My poor friends and coworkers – I’ve been making them a little uneasy. I suppose I shouldn’t be surprised; when previously normal, sane girls start to babble about how much they love books about Jeffrey Dahmer and serial killer clones, people tend to become alarmed.
As crazy it makes me seem, though, I can’t stop singing the praises of Project CAIN to anyone who will listen. I’ve never read anything like it before, and everything about this book, from the spectacular cover to the unique premise, captivated me.
Girard’s book is just as spellbinding as it is creepy, and that’s saying a lot. I couldn’t help but be fascinated by the idea of a seemingly average teenager finding out that he’s not only capable of horrific violence, but predisposed to it. Imagine what such a revelation would do to your personal identity, how it would turn your world upside down. It’s the true question of nature versus nurture: can Jeff be his own man, or will he succumb to the pull of his DNA and become a monster, just like his genetic donor?
It’s a very peculiar experience to read a book where you’re scared of the narrator, as I was in Project CAIN. Although I sympathized with Jeff, pitying him for the shame, guilt, and self-loathing he feels, I couldn’t help but be wary of him. Knowing what his genetic donor had done and what Jeff himself was therefore likely to do made me want to keep my distance. I was nervous, waiting for Jeff to snap, like he was a ticking time bomb just waiting to be set off.
I’ve read all sorts of books about tortured young men trying to fight the monster within, but I’ve never been skittish around any of them until now. I think the difference in Project CAIN is the fact that Jeffrey Dahmer was a real person. We’re not talking about brooding werewolves or romanticized vampires but about a twisted serial killer who actually existed, murdering people in my own lifetime. Also, even though scientists have not yet succeeded in cloning human beings in the real world, it’s not inconceivable that such a thing could one day take place. We’ve already proven that it’s possible to clone sheep, dogs, and other animals, so what’s to say we won’t figure out how to do the same with people at some point? It’s a chilling thought, and if you have even the most basic idea of who Dahmer was, the thought of cloning him is enough to give you goosebumps.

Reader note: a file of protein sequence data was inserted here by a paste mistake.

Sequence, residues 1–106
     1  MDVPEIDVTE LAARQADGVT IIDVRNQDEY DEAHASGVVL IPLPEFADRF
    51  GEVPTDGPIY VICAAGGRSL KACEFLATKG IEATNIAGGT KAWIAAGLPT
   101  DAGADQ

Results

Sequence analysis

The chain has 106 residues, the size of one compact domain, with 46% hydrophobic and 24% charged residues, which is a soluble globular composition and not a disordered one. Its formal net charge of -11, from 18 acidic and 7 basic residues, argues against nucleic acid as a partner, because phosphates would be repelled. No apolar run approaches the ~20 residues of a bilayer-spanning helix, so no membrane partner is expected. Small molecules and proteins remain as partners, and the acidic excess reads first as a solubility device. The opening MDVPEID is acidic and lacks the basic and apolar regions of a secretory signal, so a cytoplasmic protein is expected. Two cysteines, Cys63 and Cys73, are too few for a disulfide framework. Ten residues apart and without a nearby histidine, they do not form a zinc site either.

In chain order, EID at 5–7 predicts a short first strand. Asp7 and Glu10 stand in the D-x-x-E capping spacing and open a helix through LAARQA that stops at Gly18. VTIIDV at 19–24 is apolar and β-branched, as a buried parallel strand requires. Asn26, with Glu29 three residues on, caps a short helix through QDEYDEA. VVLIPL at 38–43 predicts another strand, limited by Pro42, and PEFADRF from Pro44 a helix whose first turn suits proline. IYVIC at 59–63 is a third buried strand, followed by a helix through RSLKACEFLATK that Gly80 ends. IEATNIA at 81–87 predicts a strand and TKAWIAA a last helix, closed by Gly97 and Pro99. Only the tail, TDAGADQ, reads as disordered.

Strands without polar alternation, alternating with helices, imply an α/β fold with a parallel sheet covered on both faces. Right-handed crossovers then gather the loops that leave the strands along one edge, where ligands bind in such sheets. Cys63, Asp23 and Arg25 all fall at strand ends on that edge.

As if the inherent creepiness of a book about young serial killers doesn’t provide enough tension, Jeff has a way of narrating that lends a very fatalistic, dire feel to the story. He frequently makes shocking, horrifying pronouncements, made all the more terrible by his matter-of-fact method of stating them. He is also prone to foreshadowing, giving you the sense that you’re being set up for something of grave consequence: “I suspected and feared even then that the rotting corpse was only the beginning. And that my father was involved in much, much worse things than that.” And, “Eventually, the guy with the gun found me. I suppose it was only a matter of time.”
Although I’m a huge wimp when it comes to scary stuff, I can’t deny a fascination with the macabre, which Project CAIN certainly satisfies. I was both appalled and transfixed by this story, specifically the psychological struggle that Jeff goes through after he discovers that he is a clone. There was no shortage of fodder for my greedy imagination, and I remained entranced for the entirety of the novel.
That’s not to say this book is perfect. The plot gets busy and convoluted at times, with the numerous players, government conspiracies, genetic corporations, etc. I was never entirely clear on who was hunting whom, or why. All of this overshadowed what, to me, was the more compelling aspect of the story: the question of what makes someone a monster and how much that someone’s choices factor in.
Halfway through the book, when the conspiracy theories and other craziness started to take away from the believability and dissipate the horror, I finally found the courage to Google Jeffrey Dahmer (I’d known he was a murderer, but that was it; I wasn’t aware of any specifics). I spent half an hour looking at pictures of him and reading about the things he did to each of his victims. This promptly brought the horror back to the book. I’d been wary of Jeff’s character from the beginning but hadn’t really understood precisely what his genetic donor had been responsible for. Reading about the real Jeff Dahmer’s crimes made me look at fictional Jeff in a whole new way. He was no longer the boy who was cloned from someone who, in my head, I had seen as simply a “bad man” in a vague sense of the term. Instead, he was the boy who was genetically predisposed to drugging, raping, torturing, dissecting, and even eating young boys and men. Ick…and then ick some more.
So yes, this book is will give you the heebie jeebies, and yes, it will make it hard to sleep at night. But it’s worth it. And it’s even worth the weird stares you’ll get when you can’t help but tell everyone you meet that you’re reading this really great book about serial killer clones. Trust me on this.